In early April I heard through the apartment building grapevine that the people on the second floor were being evicted. According to the grapevine, they hadn’t paid a dime in rent since moving in. Not putting much stock in rumors, I saw the landlord one day and asked him. He said they had to be out by Thursday.

On that Thursday I kept listening for noises on the second floor. I heard none, but that evening before the sun went down I could hear footsteps coming down the stairs. The windows in my apartment face the sidewalk, and I saw Carol and Victor.

They were by themselves. Ralph and his dog were nowhere in sight. Neither was Melissa. It was just Carol and Victor walking down the sidewalk carrying those same plastic garbage bags they moved in with. I thought to myself: They arrived with nothing and were leaving the same way.

I was talking to a friend about this shortly after they moved out, not understanding why they would move into a building knowing they couldn’t afford it, knowing they would sooner or later be kicked out. My friend suggested they moved in to simply get out of the winter cold. With the warmer weather now here, they basically got what they wanted. It was now time to move on. I’m thinking my friend is probably right.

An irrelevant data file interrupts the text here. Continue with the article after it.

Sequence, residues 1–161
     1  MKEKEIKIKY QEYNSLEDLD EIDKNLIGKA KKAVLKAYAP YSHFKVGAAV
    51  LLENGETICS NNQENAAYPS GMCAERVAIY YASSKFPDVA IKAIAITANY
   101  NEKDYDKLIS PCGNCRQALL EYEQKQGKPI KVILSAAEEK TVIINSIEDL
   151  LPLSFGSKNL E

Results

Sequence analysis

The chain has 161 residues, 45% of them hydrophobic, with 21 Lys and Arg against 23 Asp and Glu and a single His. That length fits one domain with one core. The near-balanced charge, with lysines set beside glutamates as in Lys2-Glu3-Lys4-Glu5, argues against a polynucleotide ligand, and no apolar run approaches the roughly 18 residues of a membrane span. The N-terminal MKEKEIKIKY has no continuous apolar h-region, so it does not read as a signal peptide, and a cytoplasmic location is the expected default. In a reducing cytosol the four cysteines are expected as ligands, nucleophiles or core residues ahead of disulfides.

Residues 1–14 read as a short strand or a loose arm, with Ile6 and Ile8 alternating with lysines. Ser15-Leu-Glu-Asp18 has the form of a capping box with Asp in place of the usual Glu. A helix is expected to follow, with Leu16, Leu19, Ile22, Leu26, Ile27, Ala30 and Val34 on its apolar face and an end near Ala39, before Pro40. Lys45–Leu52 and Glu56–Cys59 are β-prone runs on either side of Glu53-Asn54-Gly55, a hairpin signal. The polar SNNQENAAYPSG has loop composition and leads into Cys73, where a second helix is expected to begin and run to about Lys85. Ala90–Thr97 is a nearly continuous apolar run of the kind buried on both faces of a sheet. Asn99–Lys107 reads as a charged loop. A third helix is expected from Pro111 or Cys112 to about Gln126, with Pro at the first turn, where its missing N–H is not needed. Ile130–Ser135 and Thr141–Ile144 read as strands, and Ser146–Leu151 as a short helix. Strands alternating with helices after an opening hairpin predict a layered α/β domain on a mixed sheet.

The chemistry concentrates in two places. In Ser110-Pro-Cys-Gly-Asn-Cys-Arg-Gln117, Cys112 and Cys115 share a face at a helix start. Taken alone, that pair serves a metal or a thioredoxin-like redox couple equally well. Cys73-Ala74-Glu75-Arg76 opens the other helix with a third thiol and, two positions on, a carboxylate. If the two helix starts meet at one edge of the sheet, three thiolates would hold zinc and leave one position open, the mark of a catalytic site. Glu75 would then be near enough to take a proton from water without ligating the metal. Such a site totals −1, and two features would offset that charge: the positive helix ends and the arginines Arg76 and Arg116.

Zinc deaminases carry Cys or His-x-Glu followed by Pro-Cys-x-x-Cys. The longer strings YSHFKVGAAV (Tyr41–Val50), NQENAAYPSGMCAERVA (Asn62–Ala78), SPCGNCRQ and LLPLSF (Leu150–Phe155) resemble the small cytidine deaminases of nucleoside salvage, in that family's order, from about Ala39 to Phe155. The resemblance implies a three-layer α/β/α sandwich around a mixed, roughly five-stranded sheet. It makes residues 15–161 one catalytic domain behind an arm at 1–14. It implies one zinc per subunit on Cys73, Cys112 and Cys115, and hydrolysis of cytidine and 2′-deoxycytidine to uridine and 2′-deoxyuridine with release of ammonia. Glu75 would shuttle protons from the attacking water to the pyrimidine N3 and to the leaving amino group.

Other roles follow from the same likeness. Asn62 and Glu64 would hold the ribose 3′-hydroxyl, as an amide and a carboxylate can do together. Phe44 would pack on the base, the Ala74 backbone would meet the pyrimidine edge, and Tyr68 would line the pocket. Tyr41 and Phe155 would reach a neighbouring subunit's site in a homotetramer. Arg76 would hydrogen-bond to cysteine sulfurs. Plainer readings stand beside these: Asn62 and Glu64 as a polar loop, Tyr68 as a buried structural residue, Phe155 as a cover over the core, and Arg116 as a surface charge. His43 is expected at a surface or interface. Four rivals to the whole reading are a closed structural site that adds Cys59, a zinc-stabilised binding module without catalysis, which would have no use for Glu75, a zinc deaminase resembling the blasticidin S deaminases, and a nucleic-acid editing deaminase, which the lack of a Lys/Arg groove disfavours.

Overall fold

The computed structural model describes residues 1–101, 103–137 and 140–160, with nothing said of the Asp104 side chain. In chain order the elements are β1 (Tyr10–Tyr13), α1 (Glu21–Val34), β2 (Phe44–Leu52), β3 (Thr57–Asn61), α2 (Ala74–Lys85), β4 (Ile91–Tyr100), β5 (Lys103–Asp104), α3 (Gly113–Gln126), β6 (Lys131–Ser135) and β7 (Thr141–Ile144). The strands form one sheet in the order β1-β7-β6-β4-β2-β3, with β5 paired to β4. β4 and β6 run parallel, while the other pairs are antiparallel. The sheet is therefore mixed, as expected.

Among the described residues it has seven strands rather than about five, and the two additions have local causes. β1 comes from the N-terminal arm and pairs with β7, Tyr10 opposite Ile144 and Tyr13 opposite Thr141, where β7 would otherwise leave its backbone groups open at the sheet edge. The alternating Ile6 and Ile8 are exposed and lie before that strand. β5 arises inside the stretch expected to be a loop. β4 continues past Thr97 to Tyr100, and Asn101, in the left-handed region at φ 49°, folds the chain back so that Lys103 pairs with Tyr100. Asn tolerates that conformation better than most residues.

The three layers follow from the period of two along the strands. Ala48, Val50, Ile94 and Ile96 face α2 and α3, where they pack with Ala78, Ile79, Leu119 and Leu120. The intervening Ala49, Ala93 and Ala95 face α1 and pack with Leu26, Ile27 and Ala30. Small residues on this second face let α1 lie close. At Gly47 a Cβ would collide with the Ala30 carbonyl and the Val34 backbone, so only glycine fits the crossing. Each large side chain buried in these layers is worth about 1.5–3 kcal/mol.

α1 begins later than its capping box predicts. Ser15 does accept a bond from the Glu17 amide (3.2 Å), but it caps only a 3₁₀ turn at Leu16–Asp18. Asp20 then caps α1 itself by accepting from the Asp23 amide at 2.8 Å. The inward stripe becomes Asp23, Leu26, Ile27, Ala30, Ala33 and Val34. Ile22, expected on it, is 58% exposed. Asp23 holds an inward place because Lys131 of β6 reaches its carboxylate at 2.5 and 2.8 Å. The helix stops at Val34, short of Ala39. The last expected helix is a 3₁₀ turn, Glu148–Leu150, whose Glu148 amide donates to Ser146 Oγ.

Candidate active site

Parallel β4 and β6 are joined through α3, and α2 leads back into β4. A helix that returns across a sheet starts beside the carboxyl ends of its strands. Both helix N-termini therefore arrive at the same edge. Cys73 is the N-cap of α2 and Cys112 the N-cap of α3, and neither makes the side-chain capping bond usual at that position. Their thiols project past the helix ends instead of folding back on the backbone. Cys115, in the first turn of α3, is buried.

Sometimes when I walk up to Walgreens I still see Melissa sitting on a bus bench. She acts like she doesn’t know me now. Maybe she’s afraid I’ll ask her questions about her moving rather than questions about being a prostitute. Maybe she’s more ashamed of this than what she does for a living.

I can’t do anything to help any of them. They need to help themselves, but I feel bad for them – especially Carol. Whenever she knocked on my door, I never had anything to offer, nothing to give. I wish I could go back and change that.

 

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  1. […] Monday, I linked to a story I wrote for Article 25 called “The People on the Second Floor.” Part of the story was about Melissa, the daughter of the woman living right above me. After she, […]

  2. […] To continue reading “The People on the Second Floor,” click here. […]